Elsewhere, Lana is in the infirmary, puking from all the stress. She's with that kindhearted younger nun, one of the two who helped revive Grace last week. Kind Young Nun is trying to assure Lana that if Sister Mary Eunice said that she would call the police for her, she probably did. Okay, maybe Kind Naïve Young Nun. She tries to get Lana to calm down, but Lana notices a patient behind a screen, moaning quietly. Kind Naïve Placating Young Nun says it's just "another unfortunate soul," but obviously it's Kit. Lana then is all, "Okay, just gonna walk over here now," and Kind Naïve Placating Gullible Nun is all, "Sure!"
Sister Jude is meeting with Mother Claudia, who doesn't know if she's going to be able to help her now that she's lost all her credibility at Briarcliff. Jude begs her to get her back inside the asylum. She talks about her renewed sense of purpose. God had a plan for her all along! To be a soldier in her army. They're losing the battle, though, she says, pointing to NBC's recent broadcast of "Rudolph the Red-Nosed Reindeer" as evidence of the damning secularization of America. "This country had turned towards unadulterated blasphemy," she rants, saying the devil has, bit by bit, turned our eyes away from God. "BUT HE CAN'T HAVE HER!" she declares. And if you're one of those people who have been saying since the beginning that Mary Eunice is secretly Sister Jude's daughter, that's one to put in your evidence reel. Mother Claudia says she'll do what she can, then answers a phone call: seems Sister Jude has a visitor.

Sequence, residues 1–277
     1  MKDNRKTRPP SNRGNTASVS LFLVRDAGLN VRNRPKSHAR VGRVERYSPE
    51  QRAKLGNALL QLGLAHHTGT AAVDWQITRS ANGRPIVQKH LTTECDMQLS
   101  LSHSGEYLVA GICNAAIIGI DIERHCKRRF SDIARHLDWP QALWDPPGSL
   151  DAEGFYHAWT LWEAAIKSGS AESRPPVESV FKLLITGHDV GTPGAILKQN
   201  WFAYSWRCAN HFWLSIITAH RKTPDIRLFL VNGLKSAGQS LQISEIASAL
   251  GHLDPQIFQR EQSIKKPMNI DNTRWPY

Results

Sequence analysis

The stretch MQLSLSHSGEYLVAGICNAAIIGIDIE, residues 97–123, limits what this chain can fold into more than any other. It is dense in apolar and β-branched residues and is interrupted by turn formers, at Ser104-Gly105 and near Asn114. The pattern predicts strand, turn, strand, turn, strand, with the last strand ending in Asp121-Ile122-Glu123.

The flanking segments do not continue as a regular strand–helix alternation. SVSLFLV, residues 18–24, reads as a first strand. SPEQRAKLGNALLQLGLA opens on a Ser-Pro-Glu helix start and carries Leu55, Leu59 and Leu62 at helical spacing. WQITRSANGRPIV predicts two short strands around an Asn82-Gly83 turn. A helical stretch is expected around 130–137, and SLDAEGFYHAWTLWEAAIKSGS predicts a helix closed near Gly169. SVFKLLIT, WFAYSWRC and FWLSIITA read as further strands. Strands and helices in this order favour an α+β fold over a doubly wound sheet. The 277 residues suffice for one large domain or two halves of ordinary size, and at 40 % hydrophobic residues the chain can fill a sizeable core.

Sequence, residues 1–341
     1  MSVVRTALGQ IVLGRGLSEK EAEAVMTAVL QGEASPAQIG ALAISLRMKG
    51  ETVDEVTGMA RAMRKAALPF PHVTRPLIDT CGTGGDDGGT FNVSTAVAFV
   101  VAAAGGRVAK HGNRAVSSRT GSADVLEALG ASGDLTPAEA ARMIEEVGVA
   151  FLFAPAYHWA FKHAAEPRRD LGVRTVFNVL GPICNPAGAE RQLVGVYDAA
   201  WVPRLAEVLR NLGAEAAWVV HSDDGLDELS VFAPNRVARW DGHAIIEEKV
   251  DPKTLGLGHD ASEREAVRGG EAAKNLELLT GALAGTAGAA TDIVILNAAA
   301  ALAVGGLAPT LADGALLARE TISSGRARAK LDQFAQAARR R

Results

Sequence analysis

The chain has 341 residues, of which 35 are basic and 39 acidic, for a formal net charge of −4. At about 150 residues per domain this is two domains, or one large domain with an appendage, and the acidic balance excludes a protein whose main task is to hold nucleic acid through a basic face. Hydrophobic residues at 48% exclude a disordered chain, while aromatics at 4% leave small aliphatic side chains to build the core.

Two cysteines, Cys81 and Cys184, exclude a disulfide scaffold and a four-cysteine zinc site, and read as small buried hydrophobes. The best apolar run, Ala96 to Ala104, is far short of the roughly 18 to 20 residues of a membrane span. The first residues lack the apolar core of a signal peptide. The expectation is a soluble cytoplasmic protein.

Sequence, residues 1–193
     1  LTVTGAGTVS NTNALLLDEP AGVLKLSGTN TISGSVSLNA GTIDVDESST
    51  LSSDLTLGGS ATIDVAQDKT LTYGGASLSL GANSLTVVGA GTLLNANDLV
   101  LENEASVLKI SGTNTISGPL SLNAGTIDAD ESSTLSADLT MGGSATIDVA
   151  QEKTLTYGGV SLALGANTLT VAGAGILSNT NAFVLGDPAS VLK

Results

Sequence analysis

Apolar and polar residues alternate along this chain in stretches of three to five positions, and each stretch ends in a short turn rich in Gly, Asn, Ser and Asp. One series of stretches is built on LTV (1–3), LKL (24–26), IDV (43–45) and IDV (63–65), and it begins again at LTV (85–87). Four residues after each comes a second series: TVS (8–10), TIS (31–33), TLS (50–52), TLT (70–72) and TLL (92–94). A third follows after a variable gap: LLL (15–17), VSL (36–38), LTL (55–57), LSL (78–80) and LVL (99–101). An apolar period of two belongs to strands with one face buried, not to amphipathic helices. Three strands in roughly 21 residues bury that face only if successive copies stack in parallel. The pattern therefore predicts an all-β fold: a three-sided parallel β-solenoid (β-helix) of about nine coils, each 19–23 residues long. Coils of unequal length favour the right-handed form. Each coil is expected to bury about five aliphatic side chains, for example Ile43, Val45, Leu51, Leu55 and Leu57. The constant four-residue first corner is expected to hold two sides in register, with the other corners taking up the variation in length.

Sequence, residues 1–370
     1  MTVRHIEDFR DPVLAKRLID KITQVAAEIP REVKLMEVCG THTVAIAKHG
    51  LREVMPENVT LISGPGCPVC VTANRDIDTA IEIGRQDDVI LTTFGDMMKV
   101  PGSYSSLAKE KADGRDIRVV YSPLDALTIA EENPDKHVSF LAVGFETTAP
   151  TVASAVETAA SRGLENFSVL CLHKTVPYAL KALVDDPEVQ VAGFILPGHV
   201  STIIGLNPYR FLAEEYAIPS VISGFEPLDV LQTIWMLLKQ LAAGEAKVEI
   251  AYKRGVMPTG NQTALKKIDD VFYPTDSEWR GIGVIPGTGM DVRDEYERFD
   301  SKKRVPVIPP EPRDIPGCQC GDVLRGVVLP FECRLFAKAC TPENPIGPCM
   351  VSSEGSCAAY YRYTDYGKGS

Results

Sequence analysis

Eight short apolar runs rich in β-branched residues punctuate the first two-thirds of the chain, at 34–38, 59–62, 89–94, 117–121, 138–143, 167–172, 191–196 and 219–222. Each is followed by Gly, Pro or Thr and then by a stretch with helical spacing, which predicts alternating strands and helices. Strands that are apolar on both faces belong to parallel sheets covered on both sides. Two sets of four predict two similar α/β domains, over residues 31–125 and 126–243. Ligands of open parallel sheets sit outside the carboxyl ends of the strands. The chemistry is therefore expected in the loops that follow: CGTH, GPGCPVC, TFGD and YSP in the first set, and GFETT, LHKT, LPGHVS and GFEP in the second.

Sister Jude enters the chapel where she finds Dr. Arden, somehow having not burst into flames upon entering the threshold. He's conciliatory to start, telling Sister Jude that the two of them "got off on the wrong foot" due to their strong personalities, but he believes their commitment to Briarcliff is the same. He wants her to know how serious this is, that he's coming to her, "of all people." "I don't have time for the prologue," she says, "just say it." Not giving an inch.
He tells her that she was right about Sister Eunice. She's in "desperate trouble," though he has no medical explanation for it. He finally hangs his head a bit and says, "She doesn't know I'm here." With more than a little unseemly triumph in her eyes, Sister Jude accuses Arden of being afraid of Eunice. He denies it and tries to play it off like he just doesn't have time to babysit a "deranged nun." Not good enough for Jude, who tells him to go to Hell.